However, it is when we go on to the keyboard and the trackpad that everything begin to fall apart completely. Even if the key travel on the laptop is sufficient for a smooth typing experience, the travel is not uniform.
It seems sturdy to type on the alphabetical keys, but when you move a little bit further south and press the spacebar, the key travel is substantially decreased.
When I was composing a document, I frequently found myself pushing the spacebar twice since I wasn’t sure whether I had pushed it the first time. Other keys in the region of the alphanumeric keys feel identical to the alphanumeric keys, therefore it’s possible that the space bar is the source of the problem.
The track, despite its considerable size, is likewise plagued by a similar problem. When you try to click with the right mouse button, it remains stuck, however clicking with the left mouse button works well. The trackpad also has a lag problem, which means that the pointer travels a little more slowly in response to your gesture commands.
The speakers, on the other hand, are rather loud, but they lack clarity and definition. For the most part, they are on each side of the laptop’s bottom, and they are sufficient for the majority of usage situations.
Although the speakers lack bass, the tremendous loudness more than makes up for it. The Infinix INBook X1 is also plagued by a charging issue, which may be frustrating.
Generally, the 65W charger performs as intended, although it is possible that the laptop will no longer accept input from the charger, particularly while it is in power-saving mode. Whenever I tried to connect in the cable, the laptop refused to acknowledge it. This might be a model-specific issue once again, but it has slowed my progress on multiple occasions and is thus worth reporting.
For those concerned about their privacy, the laptop is equipped with a physical turn-off switch for the camera and microphone, which is a welcome addition.
As for connectivity, the laptop has two Type C ports (one of which is Thunderbolt Type-C), an HDMI port, three Type-A connectors, a tiny card slot, and an HDMI port. A DCIN charging connector, as well as a 3.5mm audio jack, are also included on this kind of laptop.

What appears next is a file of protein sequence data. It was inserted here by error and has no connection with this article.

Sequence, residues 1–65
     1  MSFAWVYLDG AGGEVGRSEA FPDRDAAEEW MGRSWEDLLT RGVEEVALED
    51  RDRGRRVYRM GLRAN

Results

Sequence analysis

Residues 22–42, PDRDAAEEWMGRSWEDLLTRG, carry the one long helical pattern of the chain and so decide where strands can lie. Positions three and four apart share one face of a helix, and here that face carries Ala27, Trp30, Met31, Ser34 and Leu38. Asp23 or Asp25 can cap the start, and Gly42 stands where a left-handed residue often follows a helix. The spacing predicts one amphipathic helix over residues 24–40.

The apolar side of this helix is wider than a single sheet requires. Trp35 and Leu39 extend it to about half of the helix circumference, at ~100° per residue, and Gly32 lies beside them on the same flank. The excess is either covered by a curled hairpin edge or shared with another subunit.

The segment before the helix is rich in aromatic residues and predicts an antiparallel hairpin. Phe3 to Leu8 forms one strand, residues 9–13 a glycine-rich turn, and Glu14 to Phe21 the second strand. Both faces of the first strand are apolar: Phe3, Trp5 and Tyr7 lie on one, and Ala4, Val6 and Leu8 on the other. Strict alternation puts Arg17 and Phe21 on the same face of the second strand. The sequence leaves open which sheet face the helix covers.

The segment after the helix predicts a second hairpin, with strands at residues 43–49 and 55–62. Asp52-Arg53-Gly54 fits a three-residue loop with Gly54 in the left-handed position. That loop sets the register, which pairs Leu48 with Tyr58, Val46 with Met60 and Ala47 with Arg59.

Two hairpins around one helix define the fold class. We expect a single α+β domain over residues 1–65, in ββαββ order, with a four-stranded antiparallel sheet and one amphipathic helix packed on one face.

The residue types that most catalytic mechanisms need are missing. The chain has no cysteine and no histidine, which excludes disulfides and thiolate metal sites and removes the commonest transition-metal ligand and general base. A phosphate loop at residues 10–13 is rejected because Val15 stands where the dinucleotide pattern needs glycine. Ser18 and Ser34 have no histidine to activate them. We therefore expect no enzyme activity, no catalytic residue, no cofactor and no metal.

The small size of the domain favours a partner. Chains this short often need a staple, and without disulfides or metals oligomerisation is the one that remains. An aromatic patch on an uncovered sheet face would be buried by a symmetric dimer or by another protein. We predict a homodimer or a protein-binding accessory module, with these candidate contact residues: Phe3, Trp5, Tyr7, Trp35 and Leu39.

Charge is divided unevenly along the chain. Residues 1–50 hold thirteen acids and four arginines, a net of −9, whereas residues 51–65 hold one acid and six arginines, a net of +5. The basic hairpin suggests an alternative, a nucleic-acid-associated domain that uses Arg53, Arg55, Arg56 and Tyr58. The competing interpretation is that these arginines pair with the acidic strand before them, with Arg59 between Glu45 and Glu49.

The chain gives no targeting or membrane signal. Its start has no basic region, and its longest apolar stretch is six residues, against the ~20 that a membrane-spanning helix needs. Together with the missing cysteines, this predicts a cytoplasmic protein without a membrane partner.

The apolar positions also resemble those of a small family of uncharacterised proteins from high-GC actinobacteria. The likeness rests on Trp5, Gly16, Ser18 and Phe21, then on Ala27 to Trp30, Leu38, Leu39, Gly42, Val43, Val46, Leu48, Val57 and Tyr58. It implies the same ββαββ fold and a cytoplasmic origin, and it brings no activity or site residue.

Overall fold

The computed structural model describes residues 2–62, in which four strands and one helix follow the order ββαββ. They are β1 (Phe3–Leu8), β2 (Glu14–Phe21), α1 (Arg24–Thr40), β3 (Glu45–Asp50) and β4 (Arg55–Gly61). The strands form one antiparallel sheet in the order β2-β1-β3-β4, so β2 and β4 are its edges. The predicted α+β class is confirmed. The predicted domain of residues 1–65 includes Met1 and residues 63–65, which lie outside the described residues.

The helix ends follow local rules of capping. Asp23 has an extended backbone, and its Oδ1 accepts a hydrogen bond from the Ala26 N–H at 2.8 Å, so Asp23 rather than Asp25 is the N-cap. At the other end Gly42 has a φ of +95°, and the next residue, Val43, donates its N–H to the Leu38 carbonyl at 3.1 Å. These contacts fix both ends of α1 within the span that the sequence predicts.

The slim and light laptop has a Full HD display with a resolution of 1920 x 1080 pixels and a refresh rate of 60 frames per second. During our testing, we discovered that the laptop’s display had a maximum brightness of 319 nits and a colour gamut coverage of 96 percent of the sRGB standard.
In addition, the display covers 76 percent of the DCI P3 colour space and 75 percent of the Adobe RGB colour range. Even while it is not a screen that allows you to perform professional-level colour correcting, it is enough for most typical use situations.
Using the Calman Color Checker, I discovered that the laptop has an average DeltaE of 3.5 and a maximum DeltaE of 6.2, which is rather good for a laptop in this price range, but not exceptional. Aside from that, the laptop is equipped with an Anti-glare display, which avoids reflections even when the laptop is placed directly under the sun.
In addition, the laptop has a rather long battery life as well. Within seven minutes of video editing, photo editing, and rendering, the battery’s charge fell by three percentage points. This is rather impressive for a laptop with a 55Wh battery.
The battery life of the laptop is between 7 and 9 hours, depending on your usage. Our tests revealed that the laptop had a battery life of 6h 50mins when the screen was set to 100 percent brightness and the battery was set to performance mode, according to the results.
When compared to the competition, the Infinix INBook X1 is a solid entry-level thin and light laptop, but it falls short when it comes to performance.
One can get an Acer Aspire 5 for around the same price as the Infinix INBook X1, which isn’t hampered by the same build quality flaws as the Infinix INBook X1 and also comes with an Intel 11th Gen Core-i5 processor and an Irix XE graphics card.
If the build quality issues are due to model specifics, the Infinix INBook X1 makes sense as a backup laptop or as a simple laptop for kids or students. If the build quality issues are due to model specifics, I’d recommend opting for the entry-level Intel 10th Gen Core i3 model, which is Rs 10k less expensive but has the same form factor.